When the US adopted the hair-trigger alert policy during the Cold War, the idea was that if the Soviet Union attacked American military bases with nuclear power, the US could quickly retaliate.

The policy is still in effect today. These days, it’s used as an intimidation strategy for other countries, like Russia and North Korea, that have revealed some of their nuclear capabilities, Gronlund said.

Some proponents of hair-trigger alert also say that the US needs those land-based missiles to act as “sponges” for foreign nuclear weaponry. For example, if Russia launched a full attack, it would need to use hundreds of weapons to destroy the US land arsenal, Gronlund said. That means it would have fewer weapons left to strike where people actually live.

Others say that abandoning hair trigger alert would cut jobs at the military bases that monitor the missiles (which could have consequences on local economies).

But USC scientists argue that the risks of false alarms still far outweigh the advantages.

The US has had several close calls with hair-trigger alert weapons

If the US experiences a nuclear attack, it probably won’t come from North Korea or Russia, Gronlund said. It will come from our own missteps. (A large-scale nuclear terrorist attack is less likely, but still one of 15 major disaster scenarios planned for by FEMA and other US agencies.)

“The danger is that a system detects an incoming attack, and it’s not real, the president makes the wrong decision, and inadvertently starts a nuclear war,” she said.

US Air Force technicians perform an electrical check on an LGM-30F Minuteman III intercontinental ballistic missile in its silo at Whiteman Air Force Base, Missouri on January 1, 1980.

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US Air Force technicians perform an electrical check on an LGM-30F Minuteman III intercontinental ballistic missile in its silo at Whiteman Air Force Base, Missouri on January 1, 1980.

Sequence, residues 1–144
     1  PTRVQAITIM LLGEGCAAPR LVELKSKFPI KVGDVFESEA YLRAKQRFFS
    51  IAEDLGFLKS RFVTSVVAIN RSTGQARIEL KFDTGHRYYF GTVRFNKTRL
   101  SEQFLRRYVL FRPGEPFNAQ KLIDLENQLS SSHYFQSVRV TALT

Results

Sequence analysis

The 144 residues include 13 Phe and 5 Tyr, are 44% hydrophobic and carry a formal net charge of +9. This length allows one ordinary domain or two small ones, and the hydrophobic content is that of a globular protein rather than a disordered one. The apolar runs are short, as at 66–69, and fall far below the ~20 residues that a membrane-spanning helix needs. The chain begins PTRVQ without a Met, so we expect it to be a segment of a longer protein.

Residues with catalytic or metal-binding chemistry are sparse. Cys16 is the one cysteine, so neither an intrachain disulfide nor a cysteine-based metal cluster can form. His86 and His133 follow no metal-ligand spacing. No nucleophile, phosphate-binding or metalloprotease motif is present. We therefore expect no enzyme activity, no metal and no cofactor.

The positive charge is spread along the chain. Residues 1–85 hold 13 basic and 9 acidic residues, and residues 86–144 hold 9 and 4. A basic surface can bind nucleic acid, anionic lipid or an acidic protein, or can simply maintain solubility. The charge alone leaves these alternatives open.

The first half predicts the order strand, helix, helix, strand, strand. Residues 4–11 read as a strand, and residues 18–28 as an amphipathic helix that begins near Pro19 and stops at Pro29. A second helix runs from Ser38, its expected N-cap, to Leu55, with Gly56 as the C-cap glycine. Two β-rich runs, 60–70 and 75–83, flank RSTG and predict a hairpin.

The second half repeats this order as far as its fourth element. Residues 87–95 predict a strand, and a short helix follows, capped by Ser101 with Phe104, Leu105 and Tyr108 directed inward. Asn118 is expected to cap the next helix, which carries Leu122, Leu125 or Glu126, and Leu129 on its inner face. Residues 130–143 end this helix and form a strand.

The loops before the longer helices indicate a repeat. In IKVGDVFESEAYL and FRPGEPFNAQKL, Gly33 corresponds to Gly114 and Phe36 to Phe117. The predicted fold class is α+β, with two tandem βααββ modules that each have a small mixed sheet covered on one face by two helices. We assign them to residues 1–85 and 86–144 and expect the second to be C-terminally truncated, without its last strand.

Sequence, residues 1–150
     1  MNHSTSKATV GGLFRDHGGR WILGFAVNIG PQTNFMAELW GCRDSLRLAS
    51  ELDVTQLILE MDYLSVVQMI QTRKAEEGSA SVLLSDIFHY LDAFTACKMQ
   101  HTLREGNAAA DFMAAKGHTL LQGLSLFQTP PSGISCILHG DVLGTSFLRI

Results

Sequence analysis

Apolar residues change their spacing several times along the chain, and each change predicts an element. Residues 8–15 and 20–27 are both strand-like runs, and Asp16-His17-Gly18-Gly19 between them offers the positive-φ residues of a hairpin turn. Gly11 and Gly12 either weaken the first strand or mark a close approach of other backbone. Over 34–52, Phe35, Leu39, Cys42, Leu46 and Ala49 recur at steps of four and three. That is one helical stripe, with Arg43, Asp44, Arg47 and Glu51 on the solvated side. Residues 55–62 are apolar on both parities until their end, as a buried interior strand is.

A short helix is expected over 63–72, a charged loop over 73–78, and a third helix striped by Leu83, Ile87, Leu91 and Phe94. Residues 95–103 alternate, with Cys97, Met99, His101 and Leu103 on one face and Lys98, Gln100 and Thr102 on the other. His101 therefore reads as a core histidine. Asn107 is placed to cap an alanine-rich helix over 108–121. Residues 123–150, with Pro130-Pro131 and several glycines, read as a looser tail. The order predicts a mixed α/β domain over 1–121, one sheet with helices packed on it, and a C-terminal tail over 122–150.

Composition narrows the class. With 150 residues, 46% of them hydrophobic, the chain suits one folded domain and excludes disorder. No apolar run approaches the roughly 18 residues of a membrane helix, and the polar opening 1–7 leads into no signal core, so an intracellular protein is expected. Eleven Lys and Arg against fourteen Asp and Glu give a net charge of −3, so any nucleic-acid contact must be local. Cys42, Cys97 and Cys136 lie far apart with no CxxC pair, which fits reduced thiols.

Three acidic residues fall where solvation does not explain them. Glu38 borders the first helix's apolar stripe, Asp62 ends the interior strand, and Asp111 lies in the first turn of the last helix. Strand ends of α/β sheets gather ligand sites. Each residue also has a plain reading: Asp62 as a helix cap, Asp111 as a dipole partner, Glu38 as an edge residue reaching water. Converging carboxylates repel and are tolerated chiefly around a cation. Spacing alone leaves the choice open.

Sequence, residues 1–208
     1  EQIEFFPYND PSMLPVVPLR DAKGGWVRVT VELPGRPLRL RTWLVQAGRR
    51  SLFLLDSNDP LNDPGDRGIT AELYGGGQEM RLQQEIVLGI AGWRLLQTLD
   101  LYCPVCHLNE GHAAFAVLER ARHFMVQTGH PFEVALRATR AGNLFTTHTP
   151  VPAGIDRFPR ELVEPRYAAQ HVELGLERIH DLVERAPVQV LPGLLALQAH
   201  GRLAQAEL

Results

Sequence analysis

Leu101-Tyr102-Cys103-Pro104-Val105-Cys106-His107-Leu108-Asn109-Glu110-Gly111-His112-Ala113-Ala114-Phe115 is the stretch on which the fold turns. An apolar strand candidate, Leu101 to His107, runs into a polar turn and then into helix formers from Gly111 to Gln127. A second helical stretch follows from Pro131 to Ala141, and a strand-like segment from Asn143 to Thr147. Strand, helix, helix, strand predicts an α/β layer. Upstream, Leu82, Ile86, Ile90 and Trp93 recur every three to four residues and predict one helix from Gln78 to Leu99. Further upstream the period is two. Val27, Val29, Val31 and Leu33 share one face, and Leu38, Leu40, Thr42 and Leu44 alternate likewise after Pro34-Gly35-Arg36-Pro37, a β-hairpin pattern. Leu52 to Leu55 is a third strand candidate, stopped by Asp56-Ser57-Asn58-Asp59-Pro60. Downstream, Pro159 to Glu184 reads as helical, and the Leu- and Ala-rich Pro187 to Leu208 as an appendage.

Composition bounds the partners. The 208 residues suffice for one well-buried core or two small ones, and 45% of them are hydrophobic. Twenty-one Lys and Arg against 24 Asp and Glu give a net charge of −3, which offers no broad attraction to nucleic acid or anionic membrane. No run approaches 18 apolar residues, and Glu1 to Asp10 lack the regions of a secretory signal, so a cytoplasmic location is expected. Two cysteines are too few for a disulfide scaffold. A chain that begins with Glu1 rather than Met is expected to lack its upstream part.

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Reuters; Tech. Sgt. Bob Wickley/USAF

The US has a history of these kinds of close calls, caused by both human error and technical error.

In November 1979, US military computers indicated a large-scale Soviet attack was underway. The military quickly responded by preparing nuclear bombers and intercontinental ballistic missiles (ICBMs) for take-off, and launching at least 10 interceptor planes.

But within 10 minutes, they realized it was a false alarm. Investigators later discovered that a technician accidentally inserted a training tape containing a drill for a nuclear attack into a computer.

In another close call in 2010, a rapid-launch control center at Wyoming’s Warren Air Force Base lost contact with all 50 of its ICBMs on hair-trigger alert. For nearly an hour, the crew was unsure whether the missiles – carrying nuclear warheads – would accidentally launch. (The base later regained contact with them.) The cause of the problem was later found to be an electronic circuit card malfunction in one of the computers.

Most recently, in January 2018, a state employee in Hawaii mistakenly triggered an emergency alert warning that a ballistic missile was coming for the island. If the state had not realized that it was a false alarm, other bases containing high-alert missiles could have unleashed them.

“If we launched an attack based on a false warning, you better believe Russia or North Korea would respond,” Gronlund said.

An inflatable nuclear missile balloon stands at the ready before a protest held by the group Global Zero in McPherson Square April 1, 2016 in Washington, DC.

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An inflatable nuclear missile balloon stands at the ready before a protest held by the group Global Zero in McPherson Square April 1, 2016 in Washington, DC.
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Getty Images

A danger to cities across the US

Even though the land-based missiles on high alert are siloed far from major population centers, Gronlund said that keeping such a policy still endangers cities, where over 80% of Americans live today. Simply put, hair-trigger alert increases the likelihood of the president accidentally starting a nuclear war.

“Even if [another country] wasn’t directly targeting Boston, they would target things near Boston,” causing a widespread nuclear fallout, she said.

Each land-based missile on hair-trigger alert has an on-off switch, which is used when workers perform maintenance on them. Gronlund said that keeping the weapons off could pose a quick, temporary solution that doesn’t immediately require negotiations with other nations.

The UCS has become more worried about hair-trigger alert policy since Trump’s election, Gronlund said. In the past year alone, the president has boasted about the size of his “Nuclear Button,” dropped the nuclear deal with Iran, and threatened to unleash “fire and fury like the world has never seen” on North Korea.

“There are all downsides and no gain,” Gronlund said.